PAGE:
Most pain is probably sending us a message. If I accidentally put my hand on the kitchen stove, the burning makes me pull away. Similarly, if I have been hunched over my laptop for too long, my back pain lets me know I need to get up and walk around for a while. So why, as a society, do we want to expunge all pain and aim for a sanitised existence that is comfortably numb but potentially worse for our health?
In a bid to tackle this tendency and its consequences, Public Health England is due to publish its review of the evidence surrounding prescription drug dependence this summer. No doubt this will be another stick to beat GPs with, even though much of this prescribing comes from postoperative admissions, psychiatric services and pain clinics.
But I can tell PHE right now what the root cause of this problem is: that we still view physical and mental health as separate entities, rather than integrating them and treating people holistically. Conventional drug-dependence clinics, accustomed to treating people with heroin addiction, are out of their depth when faced with someone who has a background of chronic physical pain. And single-disease super-specialists have little training in psychiatry or drug dependence.
And herein lies the irony. General practice is the only specialty that incorporates both physical and mental health in its training programme, but there are not enough of us and we are expected to achieve the impossible within 10 minutes.
Until we have timely psychology, physiotherapy and social support, the only option is to prescribe drugs that might become addictive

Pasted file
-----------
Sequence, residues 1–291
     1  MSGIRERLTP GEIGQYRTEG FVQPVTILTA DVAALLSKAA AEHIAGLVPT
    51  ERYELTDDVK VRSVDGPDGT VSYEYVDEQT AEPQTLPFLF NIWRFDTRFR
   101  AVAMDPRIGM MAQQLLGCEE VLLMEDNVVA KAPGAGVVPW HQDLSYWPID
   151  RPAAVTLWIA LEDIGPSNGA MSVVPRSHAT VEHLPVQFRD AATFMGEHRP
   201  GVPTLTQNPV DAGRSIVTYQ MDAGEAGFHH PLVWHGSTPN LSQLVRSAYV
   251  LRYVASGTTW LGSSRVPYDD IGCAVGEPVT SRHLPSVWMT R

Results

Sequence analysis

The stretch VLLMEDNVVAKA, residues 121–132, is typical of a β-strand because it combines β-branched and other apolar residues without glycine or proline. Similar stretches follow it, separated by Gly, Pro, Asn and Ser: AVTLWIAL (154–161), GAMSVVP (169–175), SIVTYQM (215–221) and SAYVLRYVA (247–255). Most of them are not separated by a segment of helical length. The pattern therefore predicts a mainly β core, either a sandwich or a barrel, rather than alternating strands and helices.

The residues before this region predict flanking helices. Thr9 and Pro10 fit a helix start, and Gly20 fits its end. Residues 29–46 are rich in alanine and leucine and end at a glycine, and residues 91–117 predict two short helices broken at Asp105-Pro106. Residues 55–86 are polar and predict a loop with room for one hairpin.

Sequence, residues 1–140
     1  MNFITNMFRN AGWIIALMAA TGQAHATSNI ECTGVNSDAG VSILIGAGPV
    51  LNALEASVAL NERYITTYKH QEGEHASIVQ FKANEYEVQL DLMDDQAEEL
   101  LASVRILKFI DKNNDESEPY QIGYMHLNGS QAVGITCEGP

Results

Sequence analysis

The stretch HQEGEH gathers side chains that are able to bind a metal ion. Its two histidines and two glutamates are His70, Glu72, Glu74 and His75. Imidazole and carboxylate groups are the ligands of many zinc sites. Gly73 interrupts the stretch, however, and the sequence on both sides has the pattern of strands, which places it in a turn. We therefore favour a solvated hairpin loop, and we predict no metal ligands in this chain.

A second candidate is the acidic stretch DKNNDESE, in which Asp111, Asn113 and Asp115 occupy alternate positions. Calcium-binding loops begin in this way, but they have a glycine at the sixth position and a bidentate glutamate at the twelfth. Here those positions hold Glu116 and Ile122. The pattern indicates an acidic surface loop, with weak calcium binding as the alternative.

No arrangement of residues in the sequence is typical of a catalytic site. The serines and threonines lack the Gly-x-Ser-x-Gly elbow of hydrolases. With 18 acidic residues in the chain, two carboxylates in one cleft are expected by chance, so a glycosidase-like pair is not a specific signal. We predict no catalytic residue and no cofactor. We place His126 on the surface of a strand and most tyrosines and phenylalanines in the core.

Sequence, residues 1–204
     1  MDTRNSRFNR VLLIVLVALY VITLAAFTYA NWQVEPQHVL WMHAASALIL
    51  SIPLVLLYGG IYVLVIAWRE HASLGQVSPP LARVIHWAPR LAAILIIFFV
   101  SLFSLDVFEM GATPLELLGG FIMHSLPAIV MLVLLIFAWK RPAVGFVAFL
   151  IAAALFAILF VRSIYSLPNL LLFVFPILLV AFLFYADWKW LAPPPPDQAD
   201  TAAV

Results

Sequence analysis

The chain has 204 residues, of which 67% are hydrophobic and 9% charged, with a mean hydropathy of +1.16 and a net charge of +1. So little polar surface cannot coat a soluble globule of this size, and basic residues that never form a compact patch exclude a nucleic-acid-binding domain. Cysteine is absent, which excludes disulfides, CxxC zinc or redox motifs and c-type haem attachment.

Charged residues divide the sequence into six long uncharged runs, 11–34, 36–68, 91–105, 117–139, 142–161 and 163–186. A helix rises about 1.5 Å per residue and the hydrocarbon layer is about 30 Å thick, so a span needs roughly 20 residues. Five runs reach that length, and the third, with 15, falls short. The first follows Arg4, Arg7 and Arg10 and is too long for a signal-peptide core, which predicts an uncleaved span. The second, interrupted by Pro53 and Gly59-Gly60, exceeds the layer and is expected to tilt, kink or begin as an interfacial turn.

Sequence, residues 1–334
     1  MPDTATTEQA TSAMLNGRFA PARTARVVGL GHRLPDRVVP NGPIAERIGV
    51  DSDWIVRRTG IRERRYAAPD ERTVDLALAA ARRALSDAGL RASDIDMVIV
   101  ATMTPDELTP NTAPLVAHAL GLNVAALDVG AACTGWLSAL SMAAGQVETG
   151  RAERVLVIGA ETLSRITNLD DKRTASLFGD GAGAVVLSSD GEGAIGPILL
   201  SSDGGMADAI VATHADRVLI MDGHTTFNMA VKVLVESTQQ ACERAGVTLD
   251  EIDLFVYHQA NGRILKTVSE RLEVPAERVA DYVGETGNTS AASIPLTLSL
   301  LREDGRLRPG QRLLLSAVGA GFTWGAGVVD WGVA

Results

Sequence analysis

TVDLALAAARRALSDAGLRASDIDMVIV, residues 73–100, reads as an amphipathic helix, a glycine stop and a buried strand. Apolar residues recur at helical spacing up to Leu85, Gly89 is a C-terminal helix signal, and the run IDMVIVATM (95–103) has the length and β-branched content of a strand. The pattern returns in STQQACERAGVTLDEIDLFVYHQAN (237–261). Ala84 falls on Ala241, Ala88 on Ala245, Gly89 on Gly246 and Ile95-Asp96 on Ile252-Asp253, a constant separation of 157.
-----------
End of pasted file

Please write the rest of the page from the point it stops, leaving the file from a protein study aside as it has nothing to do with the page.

Yet even if we were to suspend reality for a minute and enter a world where highly skilled GPs had the time to take a biopsychosocial approach to pain, there would still be problems. Until we have timely psychology, physiotherapy and social support, the only option is to prescribe drugs that might become addictive.
It is for this reason that GPs fear the consequences of refusing requests for these medications; they are anxious about patient complaints in a landscape where there is nothing else on offer. So, investment in physical and mental health training isn’t the only solution; we need consistent support services and social prescribing.
The horrors of prescription drug dependence are well articulated in Cathryn Kemp’s memoir Coming Clean: Diary of a Painkiller Addict. This book gave me a deeper understanding of the connection between mind and body, and how the two need to be addressed simultaneously.
Ultimately the message is that we cannot hide from persistent pain but must adapt to it, learn from it and grow with it. This is one of the key components of the excellent online resource Live Well With Pain, to which I often direct patients.
Finally, I will leave you with a quote from Kahlil Gibran’s collection of essays, The Prophet: ‘Your pain is the breaking of the shell that encloses your understanding.’
Dr Shaba Nabi is a GP trainer in Bristol. Read more of Dr Nabi’s blogs online at pulsetoday.co.uk/nabi